Mom’s Gold Star
I haven’t gotten much into the topic of all the stuff kids can’t eat at school these days, but for the record I’m one of those “nostalgic (almost) thirty-somethings” who think it’s a bunch of crap. It seems the “banned” list grows each year, and I can hardly keep track of what’s permitted anymore. As far as I know, this is what’s not allowed in school, especially on a kid’s birthday when s/he will likely be sharing with the rest of the class:
- Nuts (Do not ask which kind. The answer is always “ALL OF THEM, ARE YOU FREAKING CRAZY???”)
- Milk (EXCEPT BREAST MILK WHICH IS LIQUID GOLD. Mothers should be breastfeeding until their babies are, as Tina Fey puts it in her book, “at their rehearsal dinner,” which means it should not be difficult for children as old as sixteen to have a nutritious snack during the day. In fact, breast milk sippies could easily replace cupcakes and cookies on birthdays. It’s healthier and tastes like strawberry milkshake!)
- Eggs (According to this, “Egg allergy usually first appears when kids are very young, and most kids outgrow it by the time they’re 5 years old.” …unless of course, YOU kill them by sending your child to school with an egg-based treat, which makes you a thoughtless murderer.)
- Chips, Twinkies, Mini Powdered Donuts and other such snacks (You may as well just plow into your child’s entire class with a Mack Truck. Anything that tastes remotely like Cheetos is banned. Even if it’s slices of apple that you serve with a Cheetos dipping sauce. Don’t try that because it will get you indefinitely suspended from the PTA.)
- Fruits that include the vowels “a” or “o” in their name (These have proven to reduce reading comprehension. Substitutes include kiwis, blueberries, and…that’s about it.)
- Raw meat roll-ups (I’m still trying to understand the ban on this one.)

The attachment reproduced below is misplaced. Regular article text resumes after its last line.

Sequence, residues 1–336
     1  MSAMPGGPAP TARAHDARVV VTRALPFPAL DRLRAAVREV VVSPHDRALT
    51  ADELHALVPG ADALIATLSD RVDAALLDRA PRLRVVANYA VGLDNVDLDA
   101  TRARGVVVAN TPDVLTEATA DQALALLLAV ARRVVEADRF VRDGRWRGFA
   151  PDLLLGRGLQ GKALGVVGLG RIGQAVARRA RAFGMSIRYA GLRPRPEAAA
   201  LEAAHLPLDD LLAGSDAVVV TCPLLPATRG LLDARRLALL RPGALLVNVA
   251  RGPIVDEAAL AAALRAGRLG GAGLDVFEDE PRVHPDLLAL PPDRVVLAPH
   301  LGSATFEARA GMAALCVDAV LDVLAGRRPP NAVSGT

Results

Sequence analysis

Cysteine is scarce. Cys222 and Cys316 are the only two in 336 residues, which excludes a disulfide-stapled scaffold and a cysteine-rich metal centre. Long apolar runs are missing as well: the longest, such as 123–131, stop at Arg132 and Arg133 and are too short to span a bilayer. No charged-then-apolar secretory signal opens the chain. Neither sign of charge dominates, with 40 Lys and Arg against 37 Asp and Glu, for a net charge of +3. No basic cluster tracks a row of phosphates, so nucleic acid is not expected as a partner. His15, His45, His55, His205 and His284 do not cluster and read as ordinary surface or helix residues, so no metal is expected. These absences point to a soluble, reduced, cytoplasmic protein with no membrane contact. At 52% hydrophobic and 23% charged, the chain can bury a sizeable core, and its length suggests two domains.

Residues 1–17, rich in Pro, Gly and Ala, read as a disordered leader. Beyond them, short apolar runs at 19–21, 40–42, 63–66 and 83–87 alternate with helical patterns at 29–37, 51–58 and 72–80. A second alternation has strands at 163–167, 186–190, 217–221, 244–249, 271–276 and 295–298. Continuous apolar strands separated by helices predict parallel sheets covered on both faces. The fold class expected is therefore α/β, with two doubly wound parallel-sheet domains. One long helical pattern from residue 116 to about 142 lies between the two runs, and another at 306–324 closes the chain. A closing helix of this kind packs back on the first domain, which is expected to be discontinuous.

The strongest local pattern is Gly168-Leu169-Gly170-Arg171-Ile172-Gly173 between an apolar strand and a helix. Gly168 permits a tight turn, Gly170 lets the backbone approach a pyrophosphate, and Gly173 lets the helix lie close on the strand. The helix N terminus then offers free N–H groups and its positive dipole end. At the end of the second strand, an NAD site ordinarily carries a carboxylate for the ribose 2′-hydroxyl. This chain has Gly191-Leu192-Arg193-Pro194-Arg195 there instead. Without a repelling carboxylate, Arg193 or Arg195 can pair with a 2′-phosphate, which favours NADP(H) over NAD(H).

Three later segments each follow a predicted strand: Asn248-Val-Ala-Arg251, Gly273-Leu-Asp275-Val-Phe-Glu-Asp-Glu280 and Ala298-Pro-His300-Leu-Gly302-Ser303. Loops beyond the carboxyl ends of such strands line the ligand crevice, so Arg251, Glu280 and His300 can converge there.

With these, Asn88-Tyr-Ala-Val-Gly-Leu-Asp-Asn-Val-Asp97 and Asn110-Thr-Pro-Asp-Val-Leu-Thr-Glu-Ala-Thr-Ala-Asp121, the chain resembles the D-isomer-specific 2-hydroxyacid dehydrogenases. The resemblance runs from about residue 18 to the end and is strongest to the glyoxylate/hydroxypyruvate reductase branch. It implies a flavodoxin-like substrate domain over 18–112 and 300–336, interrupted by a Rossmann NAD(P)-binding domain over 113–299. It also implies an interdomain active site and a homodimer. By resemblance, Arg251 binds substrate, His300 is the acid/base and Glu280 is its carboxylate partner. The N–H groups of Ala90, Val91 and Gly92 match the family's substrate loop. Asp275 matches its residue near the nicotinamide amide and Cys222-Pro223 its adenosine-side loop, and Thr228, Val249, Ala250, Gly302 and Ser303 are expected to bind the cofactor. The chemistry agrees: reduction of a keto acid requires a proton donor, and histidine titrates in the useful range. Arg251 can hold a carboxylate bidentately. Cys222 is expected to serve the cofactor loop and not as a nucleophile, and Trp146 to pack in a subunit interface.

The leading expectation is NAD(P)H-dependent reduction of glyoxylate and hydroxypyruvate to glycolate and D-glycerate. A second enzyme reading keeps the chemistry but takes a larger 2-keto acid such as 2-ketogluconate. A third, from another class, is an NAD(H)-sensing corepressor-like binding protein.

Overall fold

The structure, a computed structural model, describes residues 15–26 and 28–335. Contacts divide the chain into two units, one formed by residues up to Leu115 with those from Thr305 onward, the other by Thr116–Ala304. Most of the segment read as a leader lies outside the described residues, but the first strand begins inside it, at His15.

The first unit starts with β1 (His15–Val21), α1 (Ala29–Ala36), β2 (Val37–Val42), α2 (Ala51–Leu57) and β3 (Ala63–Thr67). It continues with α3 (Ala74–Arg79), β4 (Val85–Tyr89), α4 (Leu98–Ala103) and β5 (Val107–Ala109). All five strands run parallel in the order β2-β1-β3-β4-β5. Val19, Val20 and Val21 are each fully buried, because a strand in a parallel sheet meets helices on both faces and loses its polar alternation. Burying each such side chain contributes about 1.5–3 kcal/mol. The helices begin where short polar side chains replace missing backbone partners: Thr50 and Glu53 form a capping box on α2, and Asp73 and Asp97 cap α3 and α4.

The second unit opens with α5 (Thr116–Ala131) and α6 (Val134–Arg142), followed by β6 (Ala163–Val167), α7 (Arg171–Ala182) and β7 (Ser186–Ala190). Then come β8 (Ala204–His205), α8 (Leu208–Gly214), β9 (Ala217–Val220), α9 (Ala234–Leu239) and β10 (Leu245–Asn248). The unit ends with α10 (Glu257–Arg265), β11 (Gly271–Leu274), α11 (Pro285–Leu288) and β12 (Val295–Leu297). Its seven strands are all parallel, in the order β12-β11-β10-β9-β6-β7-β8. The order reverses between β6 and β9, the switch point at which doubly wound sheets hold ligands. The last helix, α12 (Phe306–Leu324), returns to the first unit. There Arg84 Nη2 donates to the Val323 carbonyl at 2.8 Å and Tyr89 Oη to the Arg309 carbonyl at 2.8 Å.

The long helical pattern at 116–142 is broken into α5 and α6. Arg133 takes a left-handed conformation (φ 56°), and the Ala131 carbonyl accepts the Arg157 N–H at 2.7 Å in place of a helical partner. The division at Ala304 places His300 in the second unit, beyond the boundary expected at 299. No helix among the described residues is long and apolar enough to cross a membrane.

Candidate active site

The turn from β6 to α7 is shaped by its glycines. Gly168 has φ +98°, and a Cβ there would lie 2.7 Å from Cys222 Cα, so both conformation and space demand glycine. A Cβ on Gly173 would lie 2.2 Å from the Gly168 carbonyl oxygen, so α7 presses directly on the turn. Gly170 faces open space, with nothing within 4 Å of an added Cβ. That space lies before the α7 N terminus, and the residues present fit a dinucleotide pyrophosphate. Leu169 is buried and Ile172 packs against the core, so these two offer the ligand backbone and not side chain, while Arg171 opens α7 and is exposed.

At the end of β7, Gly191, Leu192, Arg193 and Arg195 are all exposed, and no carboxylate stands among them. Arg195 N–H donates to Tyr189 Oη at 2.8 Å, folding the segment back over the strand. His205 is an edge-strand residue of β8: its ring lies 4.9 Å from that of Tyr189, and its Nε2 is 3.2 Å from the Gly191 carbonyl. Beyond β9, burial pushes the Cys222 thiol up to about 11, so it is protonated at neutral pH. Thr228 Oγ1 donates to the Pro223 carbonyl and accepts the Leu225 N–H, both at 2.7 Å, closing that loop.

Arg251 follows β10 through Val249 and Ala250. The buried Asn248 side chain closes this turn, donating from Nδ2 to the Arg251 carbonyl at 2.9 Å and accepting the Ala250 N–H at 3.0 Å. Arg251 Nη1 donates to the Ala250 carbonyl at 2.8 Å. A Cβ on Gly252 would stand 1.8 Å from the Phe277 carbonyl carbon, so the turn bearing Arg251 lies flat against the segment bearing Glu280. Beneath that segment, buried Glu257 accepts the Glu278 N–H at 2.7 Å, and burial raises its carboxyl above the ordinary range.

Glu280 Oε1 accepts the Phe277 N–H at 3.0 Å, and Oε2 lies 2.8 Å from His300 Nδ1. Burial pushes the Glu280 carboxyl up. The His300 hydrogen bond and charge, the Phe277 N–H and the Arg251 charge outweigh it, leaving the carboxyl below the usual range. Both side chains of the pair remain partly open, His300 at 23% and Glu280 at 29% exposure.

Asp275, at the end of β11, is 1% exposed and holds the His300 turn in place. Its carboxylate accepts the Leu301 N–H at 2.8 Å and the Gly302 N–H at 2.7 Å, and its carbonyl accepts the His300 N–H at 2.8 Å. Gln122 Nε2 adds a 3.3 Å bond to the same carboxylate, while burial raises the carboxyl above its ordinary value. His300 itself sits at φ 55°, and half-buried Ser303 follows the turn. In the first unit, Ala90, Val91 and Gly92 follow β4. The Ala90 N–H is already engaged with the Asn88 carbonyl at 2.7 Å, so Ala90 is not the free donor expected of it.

In other words, you should be serving cucumber slices, raw ginger, flax seed and sprouts for your child’s birthday. OR, as Stephanie points out, bourbon and cigarettes, which was actually the preferred after-school snack for children in the ’50s. Thank god *someone* knows how to keep it real. I also appreciate Daisy’s suggestion (though oranges conflict with the “fruit vowel policy,” but how was she supposed to know that?), and Annabelle’s comment, because yes, I would rather eat sludge off the floor of a prison kitchen than eat some lameass vegan cupcake or whatever the hell makes sense according to Stephanie’s school’s recommendations.
Feeding your kids vegan cupcakes is fine, but why not allow them the pleasure of feeling superior about their eating habits when they get to be a little older? The Vegetarian Years typically start anywhere from age 15 to age 22. With that in mind, are all these bans really necessary? Can’t lactose intolerant kids just avoid dairy while the other kids indulge in delicious, milk-based cookie cake from the mall? I know there are a ton of readers who are going to explain to me just how fucked up it is that I would even suggest that, because some allergies are so severe that children are capable of having seizures or going into cardiac arrest or growing nine arms and stabbing their peers with No. 2 pencils, but really, I just think it all sounds a bit much.
Congrats to Stephanie for making light of such annoying modern circumstances. I hope all the children in her kid’s class like Maker’s Mark!
Related: Peanut Allergy
(submitted by Anonymous)